Frozen Hydrometeor Terminal Fall Velocity Dependence on Particle Habit and Riming as Observed by Vertically Pointing Radars

Sergey Y. Matrosov aCooperative Institute for Research in Environmental Sciences, University of Colorado Boulder, Boulder, Colorado
bNOAA/Physical Sciences Laboratory, Boulder, Colorado

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Abstract

Vertically pointing Ka-band radar measurements are used to derive fall velocity–reflectivity factor (Vt=aZeb) relations for frozen hydrometeor populations of different habits during snowfall events observed at Oliktok Point, Alaska, and at the Multidisciplinary Drifting Observatory for the Study of Arctic Climate (MOSAiC). Case study events range from snowfall with highly rimed particles observed during periods with large amounts of supercooled liquid water path (LWP > 320 g m−2) to unrimed snowflakes including instances when pristine planar crystals were the dominant frozen hydrometeor habit. The prefactor a and the exponent b in the observed VtZe relations scaled to the sea level vary in the approximate ranges 0.5–1.4 and 0.03–0.13, respectively (reflectivities are in mm6 m−3 and velocities are in m s−1). The coefficient a values are the smallest for planar crystals (a ∼ 0.5) and the largest (a > 1.2) for particles under severe riming conditions with high LWP. There is no clear distinction between b values for high and low LWP conditions. The range of the observed VtZe relation coefficients is in general agreement with results of modeling using fall velocity–size (υt = αDβ) relations for individual particles found in literature for hydrometeors of different habits, though there is significant variability in α and β coefficients from different studies even for a same particle habit. Correspondences among coefficients in the VtZe relations for particle populations and in the individual particle υtD relations are analyzed. These correspondences and the observed VtZe relations can be used for evaluating different frozen hydrometeor fall velocity parameterizations in models.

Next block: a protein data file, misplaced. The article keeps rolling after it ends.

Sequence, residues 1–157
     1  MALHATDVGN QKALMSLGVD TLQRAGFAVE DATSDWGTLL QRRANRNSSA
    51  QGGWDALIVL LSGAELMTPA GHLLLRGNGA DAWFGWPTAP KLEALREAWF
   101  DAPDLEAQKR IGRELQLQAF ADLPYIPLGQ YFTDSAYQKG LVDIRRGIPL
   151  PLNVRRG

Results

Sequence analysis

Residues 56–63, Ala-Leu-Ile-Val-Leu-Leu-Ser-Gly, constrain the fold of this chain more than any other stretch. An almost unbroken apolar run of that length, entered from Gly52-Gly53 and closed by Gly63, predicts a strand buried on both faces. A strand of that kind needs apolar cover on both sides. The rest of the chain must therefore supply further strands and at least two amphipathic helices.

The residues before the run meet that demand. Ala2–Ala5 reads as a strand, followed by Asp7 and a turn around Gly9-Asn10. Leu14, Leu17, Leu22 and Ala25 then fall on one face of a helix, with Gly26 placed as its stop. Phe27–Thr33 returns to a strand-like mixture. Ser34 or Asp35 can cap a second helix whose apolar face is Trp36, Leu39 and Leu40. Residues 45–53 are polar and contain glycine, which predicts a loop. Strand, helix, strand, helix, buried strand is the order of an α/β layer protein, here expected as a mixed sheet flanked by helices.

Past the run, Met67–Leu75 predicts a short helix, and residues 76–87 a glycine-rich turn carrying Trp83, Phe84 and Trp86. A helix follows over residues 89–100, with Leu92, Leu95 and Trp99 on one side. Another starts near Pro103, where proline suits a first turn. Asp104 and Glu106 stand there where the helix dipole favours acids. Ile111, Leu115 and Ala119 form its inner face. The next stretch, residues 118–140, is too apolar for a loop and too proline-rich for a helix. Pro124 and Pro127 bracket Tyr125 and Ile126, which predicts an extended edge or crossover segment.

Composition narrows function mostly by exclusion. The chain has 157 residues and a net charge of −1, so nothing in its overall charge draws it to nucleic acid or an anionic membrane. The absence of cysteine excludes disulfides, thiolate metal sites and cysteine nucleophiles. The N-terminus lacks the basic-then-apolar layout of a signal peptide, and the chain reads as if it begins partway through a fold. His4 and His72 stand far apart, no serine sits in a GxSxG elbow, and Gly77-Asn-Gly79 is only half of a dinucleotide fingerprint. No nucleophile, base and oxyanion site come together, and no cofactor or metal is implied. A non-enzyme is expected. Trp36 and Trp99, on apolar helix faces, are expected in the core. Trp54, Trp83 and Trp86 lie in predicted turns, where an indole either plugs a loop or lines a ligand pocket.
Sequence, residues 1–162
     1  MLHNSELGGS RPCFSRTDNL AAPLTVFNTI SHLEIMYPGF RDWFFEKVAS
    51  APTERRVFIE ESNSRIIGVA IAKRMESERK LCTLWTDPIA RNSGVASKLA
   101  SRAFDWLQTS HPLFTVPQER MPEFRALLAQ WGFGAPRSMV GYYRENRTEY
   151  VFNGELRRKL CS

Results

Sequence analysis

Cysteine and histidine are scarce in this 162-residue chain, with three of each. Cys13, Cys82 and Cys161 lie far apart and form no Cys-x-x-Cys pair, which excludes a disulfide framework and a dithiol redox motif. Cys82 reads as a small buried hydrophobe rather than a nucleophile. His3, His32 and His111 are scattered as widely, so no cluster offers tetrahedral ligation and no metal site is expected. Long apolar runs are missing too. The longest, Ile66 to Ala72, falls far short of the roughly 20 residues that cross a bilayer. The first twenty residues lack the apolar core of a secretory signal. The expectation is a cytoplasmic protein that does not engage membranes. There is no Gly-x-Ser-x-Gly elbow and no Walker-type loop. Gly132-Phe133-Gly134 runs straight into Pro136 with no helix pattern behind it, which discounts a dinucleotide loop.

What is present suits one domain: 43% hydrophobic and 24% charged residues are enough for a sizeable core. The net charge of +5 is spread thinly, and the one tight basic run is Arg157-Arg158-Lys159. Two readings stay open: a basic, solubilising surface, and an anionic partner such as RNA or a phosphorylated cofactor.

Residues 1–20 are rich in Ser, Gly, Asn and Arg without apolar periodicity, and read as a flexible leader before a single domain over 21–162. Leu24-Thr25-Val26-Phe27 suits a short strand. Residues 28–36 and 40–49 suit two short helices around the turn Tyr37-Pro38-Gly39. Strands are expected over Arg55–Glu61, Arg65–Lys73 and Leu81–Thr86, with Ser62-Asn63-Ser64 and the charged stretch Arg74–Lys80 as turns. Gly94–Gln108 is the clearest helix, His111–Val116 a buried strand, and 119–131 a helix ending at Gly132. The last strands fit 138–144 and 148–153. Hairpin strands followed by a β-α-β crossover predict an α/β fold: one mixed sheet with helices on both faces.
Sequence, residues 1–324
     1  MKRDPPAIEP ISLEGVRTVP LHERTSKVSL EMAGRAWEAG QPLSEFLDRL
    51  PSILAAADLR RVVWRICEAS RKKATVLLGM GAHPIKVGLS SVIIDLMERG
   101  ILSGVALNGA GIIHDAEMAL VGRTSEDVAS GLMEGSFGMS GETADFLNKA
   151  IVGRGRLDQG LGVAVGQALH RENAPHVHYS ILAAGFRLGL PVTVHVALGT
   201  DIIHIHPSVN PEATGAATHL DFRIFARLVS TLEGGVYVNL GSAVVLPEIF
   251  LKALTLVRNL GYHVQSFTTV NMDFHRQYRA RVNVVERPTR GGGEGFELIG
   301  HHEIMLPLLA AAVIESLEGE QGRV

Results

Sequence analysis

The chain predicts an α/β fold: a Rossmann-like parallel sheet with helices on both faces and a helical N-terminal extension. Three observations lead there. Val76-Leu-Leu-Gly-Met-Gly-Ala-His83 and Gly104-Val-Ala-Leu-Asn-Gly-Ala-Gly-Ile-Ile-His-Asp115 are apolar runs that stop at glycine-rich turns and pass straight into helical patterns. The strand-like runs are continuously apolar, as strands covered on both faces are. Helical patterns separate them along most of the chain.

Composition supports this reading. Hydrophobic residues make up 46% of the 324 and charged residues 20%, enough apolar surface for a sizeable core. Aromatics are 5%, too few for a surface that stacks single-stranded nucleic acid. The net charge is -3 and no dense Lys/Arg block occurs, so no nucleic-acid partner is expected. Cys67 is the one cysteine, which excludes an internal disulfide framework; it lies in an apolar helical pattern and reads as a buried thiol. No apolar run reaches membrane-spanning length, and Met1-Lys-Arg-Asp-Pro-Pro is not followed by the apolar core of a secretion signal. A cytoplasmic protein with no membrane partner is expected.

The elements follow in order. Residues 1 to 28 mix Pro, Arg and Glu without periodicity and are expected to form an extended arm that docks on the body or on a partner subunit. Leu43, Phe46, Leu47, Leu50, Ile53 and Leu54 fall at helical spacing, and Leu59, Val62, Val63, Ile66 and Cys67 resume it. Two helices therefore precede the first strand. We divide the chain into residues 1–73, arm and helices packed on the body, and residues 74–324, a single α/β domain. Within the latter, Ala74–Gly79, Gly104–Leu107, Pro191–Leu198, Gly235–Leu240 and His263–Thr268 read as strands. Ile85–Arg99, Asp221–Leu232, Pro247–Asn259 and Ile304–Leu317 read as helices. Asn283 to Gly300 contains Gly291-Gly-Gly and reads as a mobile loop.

Significance Statement

Frozen hydrometeor fall velocities influence cloud life cycles and the moisture transport in the atmosphere. The knowledge of these velocities is also needed to enhance remote sensing of snowfall parameters. In this study, the relations between fall velocities and radar reflectivities of snowflakes of different types and shapes are quantitively analyzed using observations with vertically pointing radars.

© 2023 American Meteorological Society. This published article is licensed under the terms of the default AMS reuse license. For information regarding reuse of this content and general copyright information, consult the AMS Copyright Policy (www.ametsoc.org/PUBSReuseLicenses).

Corresponding author: Sergey Y. Matrosov, sergey.matrosov@noaa.gov

Abstract

Vertically pointing Ka-band radar measurements are used to derive fall velocity–reflectivity factor (Vt=aZeb) relations for frozen hydrometeor populations of different habits during snowfall events observed at Oliktok Point, Alaska, and at the Multidisciplinary Drifting Observatory for the Study of Arctic Climate (MOSAiC). Case study events range from snowfall with highly rimed particles observed during periods with large amounts of supercooled liquid water path (LWP > 320 g m−2) to unrimed snowflakes including instances when pristine planar crystals were the dominant frozen hydrometeor habit. The prefactor a and the exponent b in the observed VtZe relations scaled to the sea level vary in the approximate ranges 0.5–1.4 and 0.03–0.13, respectively (reflectivities are in mm6 m−3 and velocities are in m s−1). The coefficient a values are the smallest for planar crystals (a ∼ 0.5) and the largest (a > 1.2) for particles under severe riming conditions with high LWP. There is no clear distinction between b values for high and low LWP conditions. The range of the observed VtZe relation coefficients is in general agreement with results of modeling using fall velocity–size (υt = αDβ) relations for individual particles found in literature for hydrometeors of different habits, though there is significant variability in α and β coefficients from different studies even for a same particle habit. Correspondences among coefficients in the VtZe relations for particle populations and in the individual particle υtD relations are analyzed. These correspondences and the observed VtZe relations can be used for evaluating different frozen hydrometeor fall velocity parameterizations in models.

Significance Statement

Frozen hydrometeor fall velocities influence cloud life cycles and the moisture transport in the atmosphere. The knowledge of these velocities is also needed to enhance remote sensing of snowfall parameters. In this study, the relations between fall velocities and radar reflectivities of snowflakes of different types and shapes are quantitively analyzed using observations with vertically pointing radars.

© 2023 American Meteorological Society. This published article is licensed under the terms of the default AMS reuse license. For information regarding reuse of this content and general copyright information, consult the AMS Copyright Policy (www.ametsoc.org/PUBSReuseLicenses).

Corresponding author: Sergey Y. Matrosov, sergey.matrosov@noaa.gov
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